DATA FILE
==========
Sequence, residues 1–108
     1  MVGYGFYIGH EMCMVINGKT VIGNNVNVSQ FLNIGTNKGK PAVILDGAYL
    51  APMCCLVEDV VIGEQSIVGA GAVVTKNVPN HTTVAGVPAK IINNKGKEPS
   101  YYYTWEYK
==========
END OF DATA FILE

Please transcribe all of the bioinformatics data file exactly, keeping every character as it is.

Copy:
Sequence, residues 1–108
     1  MVGYGFYIGH EMCMVINGKT VIGNNVNVSQ FLNIGTNKGK PAVILDGAYL
    51  APMCCLVEDV VIGEQSIVGA GAVVTKNVPN HTTVAGVPAK IINNKGKEPS
   101  YYYTWEYK